I am sure that you would say that this party is okay because some people of color attended and dressed up in this parody of Native American garb. I would reply that this claim ignores that people of color can be implicated in racism against other people of color.

Why, I am sure you would ask, does the sexuality of the host and guests matter?

This is because, in case you missed it, dominant straight culture has for the last century defined what it means to be queer: a deviancy diagnosable as a mental disorder, the eunuch Will and the flamboyant queen Jack, the myths that queers are pedophiles, that bisexuals are just sex-starved sluts, that gay men have innate fashion sense, that trannies are perverts, that lesbians just need to have sex with the right man.

This list could continue. The point is that historically and currently, dominant culture represents and defines the lives of people of color and of queer people. Dominant culture has, in effect, taken away these groups’ rights to self-determination.

And you, as white, as part of the dominant paradigm (as much as you might deny it because of your gayness), are implicated in this when you throw a party themed “Cowboys and Indians.”

At a time when people of color and queers need each other to battle systemic oppression, you dress up as a “savage,” you dress up like a “squaw.”

I would hope that you could see the connections between racist depictions and homophobic depictions. I would hope that you understand that to build alliances with people of color, whether straight or queer, you need to show that you are actively anti-racist.

At the very least, I would hope that your selfishness would make you see that in order to fight our society’s demonizing of queerness, you need the alliances of as many people as you can.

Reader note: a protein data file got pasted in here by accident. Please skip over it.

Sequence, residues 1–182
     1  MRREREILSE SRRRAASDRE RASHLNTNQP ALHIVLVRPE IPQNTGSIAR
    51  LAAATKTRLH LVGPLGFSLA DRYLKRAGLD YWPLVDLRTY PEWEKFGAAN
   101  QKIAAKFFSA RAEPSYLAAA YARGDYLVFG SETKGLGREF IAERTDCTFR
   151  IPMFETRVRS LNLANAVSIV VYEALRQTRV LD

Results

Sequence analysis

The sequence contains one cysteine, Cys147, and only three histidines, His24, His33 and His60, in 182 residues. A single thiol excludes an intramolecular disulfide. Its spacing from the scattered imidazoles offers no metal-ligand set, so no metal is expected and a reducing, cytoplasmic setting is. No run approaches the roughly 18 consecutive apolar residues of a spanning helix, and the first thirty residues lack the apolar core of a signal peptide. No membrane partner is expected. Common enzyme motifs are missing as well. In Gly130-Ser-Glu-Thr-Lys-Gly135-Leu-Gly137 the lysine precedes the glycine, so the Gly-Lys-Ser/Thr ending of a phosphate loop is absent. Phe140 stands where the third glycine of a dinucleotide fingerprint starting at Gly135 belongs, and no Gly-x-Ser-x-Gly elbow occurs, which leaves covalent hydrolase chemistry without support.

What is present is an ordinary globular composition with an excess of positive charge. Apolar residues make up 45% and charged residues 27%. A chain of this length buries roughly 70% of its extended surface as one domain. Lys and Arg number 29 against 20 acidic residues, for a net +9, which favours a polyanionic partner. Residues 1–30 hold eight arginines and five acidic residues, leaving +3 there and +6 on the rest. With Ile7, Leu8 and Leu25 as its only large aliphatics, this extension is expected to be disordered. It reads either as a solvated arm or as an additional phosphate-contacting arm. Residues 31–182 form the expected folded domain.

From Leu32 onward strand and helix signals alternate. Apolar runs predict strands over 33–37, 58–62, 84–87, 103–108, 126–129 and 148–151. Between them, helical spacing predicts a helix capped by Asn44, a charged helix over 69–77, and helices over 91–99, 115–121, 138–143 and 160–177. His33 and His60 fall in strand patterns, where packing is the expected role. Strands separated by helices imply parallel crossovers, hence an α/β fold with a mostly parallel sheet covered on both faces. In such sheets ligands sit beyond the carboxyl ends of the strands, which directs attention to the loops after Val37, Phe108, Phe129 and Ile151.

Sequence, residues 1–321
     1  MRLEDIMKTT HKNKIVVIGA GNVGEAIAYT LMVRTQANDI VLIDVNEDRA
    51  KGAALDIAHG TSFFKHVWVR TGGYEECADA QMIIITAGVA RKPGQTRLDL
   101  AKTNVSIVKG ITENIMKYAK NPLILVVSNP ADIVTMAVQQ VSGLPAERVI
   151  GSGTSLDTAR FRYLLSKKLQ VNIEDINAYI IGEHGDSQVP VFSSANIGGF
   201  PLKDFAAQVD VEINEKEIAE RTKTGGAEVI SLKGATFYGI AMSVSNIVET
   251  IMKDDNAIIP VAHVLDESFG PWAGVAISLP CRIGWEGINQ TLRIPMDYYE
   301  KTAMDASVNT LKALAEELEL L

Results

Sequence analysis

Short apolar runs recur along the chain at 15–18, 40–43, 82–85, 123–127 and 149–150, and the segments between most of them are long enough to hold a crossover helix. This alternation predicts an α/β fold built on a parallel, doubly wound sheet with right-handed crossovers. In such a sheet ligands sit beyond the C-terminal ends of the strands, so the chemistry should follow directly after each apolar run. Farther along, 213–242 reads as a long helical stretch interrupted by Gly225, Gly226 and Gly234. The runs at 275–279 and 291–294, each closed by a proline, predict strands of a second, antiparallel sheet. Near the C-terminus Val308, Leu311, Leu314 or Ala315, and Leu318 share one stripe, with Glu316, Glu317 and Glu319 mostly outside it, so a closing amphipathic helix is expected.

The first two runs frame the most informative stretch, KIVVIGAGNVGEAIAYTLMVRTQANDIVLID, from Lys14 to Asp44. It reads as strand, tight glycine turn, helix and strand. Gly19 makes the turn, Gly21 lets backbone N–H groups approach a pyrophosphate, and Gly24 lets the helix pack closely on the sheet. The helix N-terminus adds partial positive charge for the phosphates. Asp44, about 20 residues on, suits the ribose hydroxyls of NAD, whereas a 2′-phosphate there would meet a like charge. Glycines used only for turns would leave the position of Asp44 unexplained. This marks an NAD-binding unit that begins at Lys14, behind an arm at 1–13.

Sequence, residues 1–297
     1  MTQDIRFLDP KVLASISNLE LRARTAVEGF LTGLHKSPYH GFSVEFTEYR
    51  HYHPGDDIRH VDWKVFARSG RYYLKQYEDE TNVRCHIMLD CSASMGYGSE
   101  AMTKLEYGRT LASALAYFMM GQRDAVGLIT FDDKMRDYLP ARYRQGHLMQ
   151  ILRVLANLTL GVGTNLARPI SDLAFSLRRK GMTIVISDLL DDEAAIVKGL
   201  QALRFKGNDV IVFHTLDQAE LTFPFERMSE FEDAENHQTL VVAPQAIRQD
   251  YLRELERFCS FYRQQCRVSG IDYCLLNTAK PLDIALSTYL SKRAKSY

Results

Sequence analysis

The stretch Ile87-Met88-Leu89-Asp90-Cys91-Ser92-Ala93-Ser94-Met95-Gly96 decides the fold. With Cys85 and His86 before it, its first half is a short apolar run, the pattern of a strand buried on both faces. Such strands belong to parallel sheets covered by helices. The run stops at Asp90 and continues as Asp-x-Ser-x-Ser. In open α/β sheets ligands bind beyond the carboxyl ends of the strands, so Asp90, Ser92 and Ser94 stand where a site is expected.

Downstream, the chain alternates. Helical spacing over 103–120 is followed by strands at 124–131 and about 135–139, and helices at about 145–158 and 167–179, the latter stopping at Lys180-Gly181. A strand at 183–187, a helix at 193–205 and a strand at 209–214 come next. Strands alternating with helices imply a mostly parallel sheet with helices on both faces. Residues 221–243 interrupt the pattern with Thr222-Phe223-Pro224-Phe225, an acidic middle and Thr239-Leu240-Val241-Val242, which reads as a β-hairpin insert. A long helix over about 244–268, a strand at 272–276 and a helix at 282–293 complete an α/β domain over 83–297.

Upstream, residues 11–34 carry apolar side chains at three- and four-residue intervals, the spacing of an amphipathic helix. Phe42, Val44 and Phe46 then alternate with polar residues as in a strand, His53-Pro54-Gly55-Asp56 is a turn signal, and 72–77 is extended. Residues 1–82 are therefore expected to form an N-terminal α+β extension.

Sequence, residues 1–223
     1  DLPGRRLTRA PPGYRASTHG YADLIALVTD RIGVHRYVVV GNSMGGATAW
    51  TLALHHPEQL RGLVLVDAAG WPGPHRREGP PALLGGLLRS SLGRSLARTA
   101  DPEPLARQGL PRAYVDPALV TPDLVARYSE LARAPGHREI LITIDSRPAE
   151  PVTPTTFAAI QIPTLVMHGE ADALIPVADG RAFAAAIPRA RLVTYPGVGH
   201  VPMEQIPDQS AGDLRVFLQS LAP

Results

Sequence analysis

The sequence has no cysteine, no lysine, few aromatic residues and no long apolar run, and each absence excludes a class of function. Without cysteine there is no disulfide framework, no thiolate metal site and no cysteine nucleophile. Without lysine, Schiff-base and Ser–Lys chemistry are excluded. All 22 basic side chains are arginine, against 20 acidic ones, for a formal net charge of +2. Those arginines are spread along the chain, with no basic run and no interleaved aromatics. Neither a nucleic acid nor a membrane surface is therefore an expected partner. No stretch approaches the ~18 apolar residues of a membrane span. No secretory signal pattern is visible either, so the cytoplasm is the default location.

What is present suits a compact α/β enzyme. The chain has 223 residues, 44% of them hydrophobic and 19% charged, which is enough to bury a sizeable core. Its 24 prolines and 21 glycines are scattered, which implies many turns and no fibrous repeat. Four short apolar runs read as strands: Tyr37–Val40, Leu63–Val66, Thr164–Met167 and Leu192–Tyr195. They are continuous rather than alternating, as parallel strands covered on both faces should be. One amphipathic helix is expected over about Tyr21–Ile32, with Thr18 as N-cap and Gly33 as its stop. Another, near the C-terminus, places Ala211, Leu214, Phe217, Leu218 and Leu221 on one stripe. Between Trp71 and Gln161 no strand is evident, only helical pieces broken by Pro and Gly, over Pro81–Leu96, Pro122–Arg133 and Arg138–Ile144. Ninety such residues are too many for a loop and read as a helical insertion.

I am not surprised when many people of color do not support gay rights, do not join in gay marches and/or do not trust gay people as allies. I cannot be surprised when white queers like you choose to throw parties with racist imagery.

At the very least: you’re queer. You’ve been forced to be creative with your sexuality. At least be creative with your parties. “Cowboys and Indians”? It’s a cliché! It’s as trite as the heterosexism you should be combating.

To my white lesbian and gay siblings, show me I can trust you to stand up against racism. Show me I can trust you to listen when I tell you your actions hurt other people.

Show me that there is hope that white gays and lesbians can see the consequences of their actions and choose to ally themselves with other marginalized folks, instead of identifying themselves with a dominant culture that not only demeans people of color, but also hates and demeans queers.

This entry was posted in Anger, Ethics, Queer issues and theory, Race, Social Justice. Bookmark the permalink.

7 Responses to An Open Letter to My White LGBT Siblings

  1. Pingback: Homonormativity + Dominant Paradigm » Eric Stoller’s Blog